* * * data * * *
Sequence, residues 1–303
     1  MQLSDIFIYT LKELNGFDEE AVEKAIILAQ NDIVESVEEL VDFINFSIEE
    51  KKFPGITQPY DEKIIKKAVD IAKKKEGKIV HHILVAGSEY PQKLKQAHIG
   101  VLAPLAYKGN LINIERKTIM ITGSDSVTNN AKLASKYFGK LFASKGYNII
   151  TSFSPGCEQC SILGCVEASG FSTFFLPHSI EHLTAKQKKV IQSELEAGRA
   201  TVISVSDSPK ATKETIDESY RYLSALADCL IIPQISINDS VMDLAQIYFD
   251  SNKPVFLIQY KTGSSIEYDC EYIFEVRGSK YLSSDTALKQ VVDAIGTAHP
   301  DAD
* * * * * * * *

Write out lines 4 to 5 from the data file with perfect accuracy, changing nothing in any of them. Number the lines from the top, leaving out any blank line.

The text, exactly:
   101  VLAPLAYKGN LINIERKTIM ITGSDSVTNN AKLASKYFGK LFASKGYNII
   151  TSFSPGCEQC SILGCVEASG FSTFFLPHSI EHLTAKQKKV IQSELEAGRA